contracts and Langan seeks to enforce them - different sides
of the same coin and independently viable lawsuits.
Langan's counterclaim alleges in part that Langan
provided timely notice of the Millennium Tower Litigation in
August 2016 and “RLI did nothing in response” for
nearly three years. Counterclaim ¶ 18 (Dkt. No. 31). The
counterclaim alleges further that: (1) RLI sat on its hands
to see if Langan could successfully defend against the
successor liability claim; (2) RLI did so to continue
collecting premiums from Langan without committing to
coverage; and (3) after it appeared likely that Langan would
lose a summary adjudication motion on the successor liability
issue, RLI filed the instant action seeking to rescind the
four policies. Counterclaim ¶ 28.
unpacking the “arising from” analysis, the
California Supreme Court case City of Cotati is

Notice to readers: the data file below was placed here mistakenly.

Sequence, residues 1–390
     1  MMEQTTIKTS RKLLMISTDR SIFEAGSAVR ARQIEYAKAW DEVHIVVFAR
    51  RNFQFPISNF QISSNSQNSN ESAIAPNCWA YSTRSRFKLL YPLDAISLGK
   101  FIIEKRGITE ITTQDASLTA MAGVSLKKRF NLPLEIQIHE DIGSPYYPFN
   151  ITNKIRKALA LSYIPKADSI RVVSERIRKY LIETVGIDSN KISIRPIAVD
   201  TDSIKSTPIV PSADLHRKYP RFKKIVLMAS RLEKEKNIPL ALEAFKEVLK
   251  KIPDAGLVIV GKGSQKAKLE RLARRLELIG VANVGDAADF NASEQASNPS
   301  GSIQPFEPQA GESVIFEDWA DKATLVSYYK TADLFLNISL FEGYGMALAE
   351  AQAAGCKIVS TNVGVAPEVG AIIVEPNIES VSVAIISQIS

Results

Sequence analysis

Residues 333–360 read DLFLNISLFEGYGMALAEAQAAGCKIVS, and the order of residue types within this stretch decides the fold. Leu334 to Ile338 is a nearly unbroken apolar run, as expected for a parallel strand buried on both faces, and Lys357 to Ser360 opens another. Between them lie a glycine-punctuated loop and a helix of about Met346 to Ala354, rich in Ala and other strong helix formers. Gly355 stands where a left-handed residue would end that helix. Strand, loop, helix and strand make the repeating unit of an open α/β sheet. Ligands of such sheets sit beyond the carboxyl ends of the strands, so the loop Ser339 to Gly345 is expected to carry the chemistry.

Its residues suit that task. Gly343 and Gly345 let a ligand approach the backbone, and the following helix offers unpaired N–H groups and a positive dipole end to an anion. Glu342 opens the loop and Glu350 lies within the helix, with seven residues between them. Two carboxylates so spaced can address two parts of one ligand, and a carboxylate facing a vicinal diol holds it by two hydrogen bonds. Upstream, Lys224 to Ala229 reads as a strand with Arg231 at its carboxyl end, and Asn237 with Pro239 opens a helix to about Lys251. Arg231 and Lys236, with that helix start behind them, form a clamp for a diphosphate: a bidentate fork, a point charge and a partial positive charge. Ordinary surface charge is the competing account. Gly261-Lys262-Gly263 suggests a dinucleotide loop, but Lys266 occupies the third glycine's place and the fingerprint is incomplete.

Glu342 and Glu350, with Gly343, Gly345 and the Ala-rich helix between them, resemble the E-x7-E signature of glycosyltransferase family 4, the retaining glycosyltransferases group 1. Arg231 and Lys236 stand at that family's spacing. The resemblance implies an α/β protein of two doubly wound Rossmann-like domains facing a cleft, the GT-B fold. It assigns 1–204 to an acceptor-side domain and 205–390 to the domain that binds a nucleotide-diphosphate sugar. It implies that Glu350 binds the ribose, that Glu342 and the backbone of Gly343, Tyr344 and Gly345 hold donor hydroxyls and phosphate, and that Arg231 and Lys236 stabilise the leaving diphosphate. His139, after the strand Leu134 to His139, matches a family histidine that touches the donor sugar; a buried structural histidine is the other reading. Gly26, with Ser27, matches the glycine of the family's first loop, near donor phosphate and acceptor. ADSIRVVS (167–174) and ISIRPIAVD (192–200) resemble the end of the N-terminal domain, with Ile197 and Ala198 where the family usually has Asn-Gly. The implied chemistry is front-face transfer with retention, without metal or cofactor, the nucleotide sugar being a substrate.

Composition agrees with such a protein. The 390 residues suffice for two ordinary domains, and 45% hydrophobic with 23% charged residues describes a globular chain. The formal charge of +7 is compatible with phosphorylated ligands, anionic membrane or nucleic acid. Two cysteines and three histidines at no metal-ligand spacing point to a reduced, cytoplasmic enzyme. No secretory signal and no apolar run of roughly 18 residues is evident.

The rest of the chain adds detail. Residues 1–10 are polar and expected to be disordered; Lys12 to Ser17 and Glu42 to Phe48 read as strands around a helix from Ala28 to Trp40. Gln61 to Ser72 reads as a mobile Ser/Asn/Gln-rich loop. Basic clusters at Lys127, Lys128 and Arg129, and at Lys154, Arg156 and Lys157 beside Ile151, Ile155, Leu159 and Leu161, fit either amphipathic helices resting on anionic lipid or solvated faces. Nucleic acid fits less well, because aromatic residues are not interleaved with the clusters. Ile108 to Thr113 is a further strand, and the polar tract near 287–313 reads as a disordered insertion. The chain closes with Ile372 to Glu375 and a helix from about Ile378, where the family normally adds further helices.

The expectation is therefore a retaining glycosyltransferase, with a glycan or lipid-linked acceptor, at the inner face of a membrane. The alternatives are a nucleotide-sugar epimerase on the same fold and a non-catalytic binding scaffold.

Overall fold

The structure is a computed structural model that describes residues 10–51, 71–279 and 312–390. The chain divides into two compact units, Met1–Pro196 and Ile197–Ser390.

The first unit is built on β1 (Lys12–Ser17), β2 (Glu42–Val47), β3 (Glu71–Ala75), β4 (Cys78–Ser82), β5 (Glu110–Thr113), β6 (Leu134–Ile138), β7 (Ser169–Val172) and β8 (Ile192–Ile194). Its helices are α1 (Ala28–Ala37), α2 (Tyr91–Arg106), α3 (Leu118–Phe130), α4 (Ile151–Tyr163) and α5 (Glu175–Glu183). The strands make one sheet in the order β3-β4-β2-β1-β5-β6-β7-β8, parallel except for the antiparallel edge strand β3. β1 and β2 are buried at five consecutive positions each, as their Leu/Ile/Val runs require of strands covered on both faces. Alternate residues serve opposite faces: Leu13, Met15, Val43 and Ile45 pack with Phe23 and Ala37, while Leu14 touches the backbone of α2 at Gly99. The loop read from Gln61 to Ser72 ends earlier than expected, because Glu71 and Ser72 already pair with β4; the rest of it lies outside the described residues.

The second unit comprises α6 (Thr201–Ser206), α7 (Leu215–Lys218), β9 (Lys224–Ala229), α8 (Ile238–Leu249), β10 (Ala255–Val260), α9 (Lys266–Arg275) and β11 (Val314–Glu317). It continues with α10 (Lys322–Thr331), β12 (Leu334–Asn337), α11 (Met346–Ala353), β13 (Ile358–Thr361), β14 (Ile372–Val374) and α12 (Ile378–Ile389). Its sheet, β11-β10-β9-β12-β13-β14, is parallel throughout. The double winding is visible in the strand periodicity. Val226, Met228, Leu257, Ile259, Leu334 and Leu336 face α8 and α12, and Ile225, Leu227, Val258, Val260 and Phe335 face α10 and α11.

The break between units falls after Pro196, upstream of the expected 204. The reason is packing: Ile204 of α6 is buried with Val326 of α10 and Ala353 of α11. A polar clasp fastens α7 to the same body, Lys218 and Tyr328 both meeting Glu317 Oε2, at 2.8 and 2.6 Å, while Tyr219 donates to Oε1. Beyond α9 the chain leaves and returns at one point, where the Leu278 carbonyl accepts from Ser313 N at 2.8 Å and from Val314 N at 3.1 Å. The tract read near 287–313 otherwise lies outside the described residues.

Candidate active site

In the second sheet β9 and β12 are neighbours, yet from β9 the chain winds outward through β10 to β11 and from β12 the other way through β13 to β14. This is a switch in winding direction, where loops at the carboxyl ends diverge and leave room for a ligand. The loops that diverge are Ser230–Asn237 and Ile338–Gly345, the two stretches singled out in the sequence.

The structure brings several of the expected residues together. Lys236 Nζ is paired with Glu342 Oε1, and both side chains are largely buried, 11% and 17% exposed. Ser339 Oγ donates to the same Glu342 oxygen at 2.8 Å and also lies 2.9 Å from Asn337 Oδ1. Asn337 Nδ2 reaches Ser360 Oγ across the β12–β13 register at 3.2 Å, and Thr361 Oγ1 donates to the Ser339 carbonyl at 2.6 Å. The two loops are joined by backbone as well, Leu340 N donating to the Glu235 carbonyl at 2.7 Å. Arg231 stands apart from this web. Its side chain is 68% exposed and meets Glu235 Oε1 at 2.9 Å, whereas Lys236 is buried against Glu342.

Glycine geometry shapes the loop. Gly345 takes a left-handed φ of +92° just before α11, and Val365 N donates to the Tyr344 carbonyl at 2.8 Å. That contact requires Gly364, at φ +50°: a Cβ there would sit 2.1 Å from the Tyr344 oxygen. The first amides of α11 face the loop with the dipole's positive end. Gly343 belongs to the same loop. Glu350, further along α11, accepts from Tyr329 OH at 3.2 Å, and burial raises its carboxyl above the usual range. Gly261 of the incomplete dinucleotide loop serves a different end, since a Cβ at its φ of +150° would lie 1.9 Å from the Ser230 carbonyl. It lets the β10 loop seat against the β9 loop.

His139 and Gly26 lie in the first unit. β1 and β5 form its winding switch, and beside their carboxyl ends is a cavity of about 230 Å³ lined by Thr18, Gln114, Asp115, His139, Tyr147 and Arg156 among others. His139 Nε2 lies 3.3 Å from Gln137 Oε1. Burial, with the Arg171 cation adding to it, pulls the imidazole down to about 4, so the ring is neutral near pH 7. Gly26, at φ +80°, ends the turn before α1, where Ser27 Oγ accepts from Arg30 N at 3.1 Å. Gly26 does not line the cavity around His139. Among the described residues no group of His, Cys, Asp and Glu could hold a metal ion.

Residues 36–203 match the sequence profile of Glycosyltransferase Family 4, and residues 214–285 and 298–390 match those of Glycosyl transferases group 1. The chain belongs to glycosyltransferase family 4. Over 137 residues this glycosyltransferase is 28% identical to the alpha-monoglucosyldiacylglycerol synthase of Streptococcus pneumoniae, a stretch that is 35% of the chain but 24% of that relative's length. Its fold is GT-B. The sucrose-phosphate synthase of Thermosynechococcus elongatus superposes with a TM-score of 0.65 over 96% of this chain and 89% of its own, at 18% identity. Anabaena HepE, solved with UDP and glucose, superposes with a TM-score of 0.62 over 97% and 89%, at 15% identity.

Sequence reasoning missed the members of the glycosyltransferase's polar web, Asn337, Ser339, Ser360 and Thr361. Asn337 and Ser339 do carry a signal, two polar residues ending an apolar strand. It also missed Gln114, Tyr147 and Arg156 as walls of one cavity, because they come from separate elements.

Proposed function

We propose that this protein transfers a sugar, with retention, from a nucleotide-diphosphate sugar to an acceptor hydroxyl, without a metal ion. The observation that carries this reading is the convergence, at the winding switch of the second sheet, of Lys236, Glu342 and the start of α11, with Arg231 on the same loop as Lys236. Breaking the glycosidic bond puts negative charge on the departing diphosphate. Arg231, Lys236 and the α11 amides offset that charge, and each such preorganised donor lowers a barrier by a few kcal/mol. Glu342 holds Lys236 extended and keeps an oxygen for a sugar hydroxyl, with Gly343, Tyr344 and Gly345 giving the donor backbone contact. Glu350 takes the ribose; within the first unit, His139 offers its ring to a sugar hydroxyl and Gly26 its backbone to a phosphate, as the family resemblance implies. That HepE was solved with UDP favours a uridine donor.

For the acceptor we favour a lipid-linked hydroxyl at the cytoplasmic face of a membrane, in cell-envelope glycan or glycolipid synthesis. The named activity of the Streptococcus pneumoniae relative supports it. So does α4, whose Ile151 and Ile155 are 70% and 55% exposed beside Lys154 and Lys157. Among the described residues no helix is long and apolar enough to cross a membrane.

particularly helpful. 29 Cal.4th 69 (2002). There, owners of
mobilehome parks sued a city in federal court challenging the
validity of a mobilehome park rent stabilization program.
Id. at 73. Subsequently, the city sued the owners in
state court for a declaratory judgment upholding the rent
stabilization program. Id. The owners moved in state
court to strike the city's complaint under the anti-SLAPP
statute. Id. The California Supreme Court held the
city's subsequent state court action against the owners
did not “arise from” the owners' protected
activity and therefore, was not subject to a special motion
to strike. Id. at 80. While the owners'
“federal court action
informed [the city] of the
existence of an actual controversy justifying declaratory